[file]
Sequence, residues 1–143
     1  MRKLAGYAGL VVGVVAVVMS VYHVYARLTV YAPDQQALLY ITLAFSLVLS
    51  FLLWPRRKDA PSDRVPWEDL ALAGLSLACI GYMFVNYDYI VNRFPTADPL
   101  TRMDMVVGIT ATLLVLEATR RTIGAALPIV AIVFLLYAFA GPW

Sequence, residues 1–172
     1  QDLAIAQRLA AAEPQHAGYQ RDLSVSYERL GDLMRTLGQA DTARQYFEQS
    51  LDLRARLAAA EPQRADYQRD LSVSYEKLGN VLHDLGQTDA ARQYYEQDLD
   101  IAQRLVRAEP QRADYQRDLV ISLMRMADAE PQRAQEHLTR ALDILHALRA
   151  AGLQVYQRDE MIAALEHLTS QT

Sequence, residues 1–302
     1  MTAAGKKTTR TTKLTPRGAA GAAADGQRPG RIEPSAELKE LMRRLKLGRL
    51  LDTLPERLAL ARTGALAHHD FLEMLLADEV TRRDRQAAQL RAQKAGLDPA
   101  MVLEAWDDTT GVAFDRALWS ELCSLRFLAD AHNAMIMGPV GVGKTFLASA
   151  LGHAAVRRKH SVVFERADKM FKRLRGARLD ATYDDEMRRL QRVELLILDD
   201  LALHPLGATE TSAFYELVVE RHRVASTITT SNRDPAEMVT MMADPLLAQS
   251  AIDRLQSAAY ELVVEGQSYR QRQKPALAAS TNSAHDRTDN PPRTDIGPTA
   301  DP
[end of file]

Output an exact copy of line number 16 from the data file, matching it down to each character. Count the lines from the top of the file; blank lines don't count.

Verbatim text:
   251  AIDRLQSAAY ELVVEGQSYR QRQKPALAAS TNSAHDRTDN PPRTDIGPTA